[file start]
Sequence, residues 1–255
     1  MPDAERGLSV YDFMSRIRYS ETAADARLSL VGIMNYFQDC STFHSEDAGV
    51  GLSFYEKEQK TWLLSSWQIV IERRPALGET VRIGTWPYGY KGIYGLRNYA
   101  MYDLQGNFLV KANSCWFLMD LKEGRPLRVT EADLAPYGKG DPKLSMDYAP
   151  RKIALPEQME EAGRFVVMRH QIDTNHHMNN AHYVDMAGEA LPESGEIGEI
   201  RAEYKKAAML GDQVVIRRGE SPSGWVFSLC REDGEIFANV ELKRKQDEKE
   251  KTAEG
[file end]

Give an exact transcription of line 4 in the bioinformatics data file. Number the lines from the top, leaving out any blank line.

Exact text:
   101  MYDLQGNFLV KANSCWFLMD LKEGRPLRVT EADLAPYGKG DPKLSMDYAP